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Did I say jargon-free? Well, almost.

If you are not familiar with the processes, you may find this very brief glossary useful.

It seems that the customers of all trades and professions have to suffer a certain amount of jargon. Some might refer to it less politely than this.

The timber trade does have its own lingo, but we try to keep it to a minimum for those who are not very familiar with the terms. 

We work in metric or imperial measurements, imperial still having the upper hand for many of us and our customers!

Oak log

The butt, log and stem are all ways of referring to the round wood before it is milled. There are many other terms. Lying on the ground, the butt is the first length of timber from a tree from the ground up, before the first significant branches. A log may be how we refer to any piece to go onto the mill. A stem might be how we refer to the first length of the tree while it is still standing.

Slab-wood or off-cuts: everything from the bigger ‘D’ shaped pieces sawn off the outside of the log to the veneer-thick bit taken off the piece because the miller has forgotten where he was in the sequence of sawing….

Waney edge



Waney edge: Where the bark and or sapwood is left on a board or beam. This is sometimes necessary if the logs are not quite big enough diameter for the purpose, and hairy corners on a beam are acceptable, or where a more rustic appearance is preferred for the finished article.






hoppus footHoppus foot.
The Hoppus foot (Hft.) is a volume measurement of timber ‘in the round’ describing the approximate volume of useful timber in the log after it has been squared up on the sawmill.

So this is a guesstimate of what you’ll get out of the log once four D-shaped bits of slabwood have been removed.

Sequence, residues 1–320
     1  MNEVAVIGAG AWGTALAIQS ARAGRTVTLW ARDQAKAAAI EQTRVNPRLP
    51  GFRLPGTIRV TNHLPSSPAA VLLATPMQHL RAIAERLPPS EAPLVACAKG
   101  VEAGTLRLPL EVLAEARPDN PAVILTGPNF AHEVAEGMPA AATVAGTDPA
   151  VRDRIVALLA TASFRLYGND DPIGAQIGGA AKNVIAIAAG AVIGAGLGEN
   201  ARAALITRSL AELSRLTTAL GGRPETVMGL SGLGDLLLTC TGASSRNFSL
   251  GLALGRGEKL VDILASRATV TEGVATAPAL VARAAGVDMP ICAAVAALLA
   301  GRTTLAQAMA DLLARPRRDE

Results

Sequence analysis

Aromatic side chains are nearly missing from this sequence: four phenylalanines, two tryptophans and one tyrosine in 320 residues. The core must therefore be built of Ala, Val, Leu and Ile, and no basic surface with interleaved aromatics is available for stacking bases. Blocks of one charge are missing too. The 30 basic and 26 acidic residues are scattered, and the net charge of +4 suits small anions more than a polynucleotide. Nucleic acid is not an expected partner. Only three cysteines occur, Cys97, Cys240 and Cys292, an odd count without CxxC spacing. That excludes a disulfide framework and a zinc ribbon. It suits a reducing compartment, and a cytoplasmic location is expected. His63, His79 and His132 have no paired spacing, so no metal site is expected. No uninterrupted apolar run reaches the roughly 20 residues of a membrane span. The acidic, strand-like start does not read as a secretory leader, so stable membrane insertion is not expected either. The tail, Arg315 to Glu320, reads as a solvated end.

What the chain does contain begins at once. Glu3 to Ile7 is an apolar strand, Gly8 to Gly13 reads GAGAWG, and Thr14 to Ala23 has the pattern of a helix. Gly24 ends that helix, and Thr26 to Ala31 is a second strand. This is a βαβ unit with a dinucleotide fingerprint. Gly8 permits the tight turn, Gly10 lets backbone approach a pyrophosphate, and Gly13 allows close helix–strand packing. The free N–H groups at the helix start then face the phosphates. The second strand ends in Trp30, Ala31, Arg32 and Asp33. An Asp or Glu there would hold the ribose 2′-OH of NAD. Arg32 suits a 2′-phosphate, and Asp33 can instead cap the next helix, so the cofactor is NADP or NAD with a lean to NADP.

It is best to measure this from the thinner end of the log, as this will give you the smaller and more realistic figure.

Anyone can make this measurement: simply square up the end of the log in your mind’s eye and multiply this by the length and you will arrive at a rough estimate of the useful volume in the log.’

A more accurate figure can be obtained by averaging  the square at the big end with the square at the small end of the log.

The cubic foot (cuft.) measurement is the actual volume of the log or, more commonly it is used to measure the volume in a board or a stack of sawn timber. There are about 35 of them in a cubic metre, and I think are much easier to imagine than a cubic metre or any fraction of one! For example, a board 12 feet long, 12 inches wide and an inch thick measures one cubic foot. A similar board of one cubic metre would be about 420 feet long…

The cubic metre measurement, like the cuft. is also the cylindrical measure. A rough reckoner is that a cubic metre weighs about a ton, depending on species and moisture content.

Green, air-dried and kilned timber
Green timber is timber freshly cut from the log. It is wet. Even if the log has been lying for some years, its moisture content will still be quite high. Air-dried is the term we give to timber which has been properly stacked to dry and, in this part of the world, will eventually make it down to about 19% moisture content.

Wood in a centrally heated house may well be at about 10 or 12% moisture content. If a piece of furniture, panelling or joinery was to be fitted to such a house at much over 12%, the resulting shrinkage and movement in the timber would spoil the job, so wood used for such purposes needs to be dried  gently to this lower moisture content in some form of kiln (there are almost as many different ways of kilning wood as there are types of wood to kiln).



Black Dog Timber, The Cottage, Forteviot, Perth, PH2 9BT
Telephone: 01764 684008         Mobile: 07796 301920       Email:

Royal Scottish Forestry Society kogo

Royal Scottish Forestry Society

Confederation of Forest Industries
The Association of Scottish Hardwood Sawmillers

The Association of Scottish Hardwood Sawmillers


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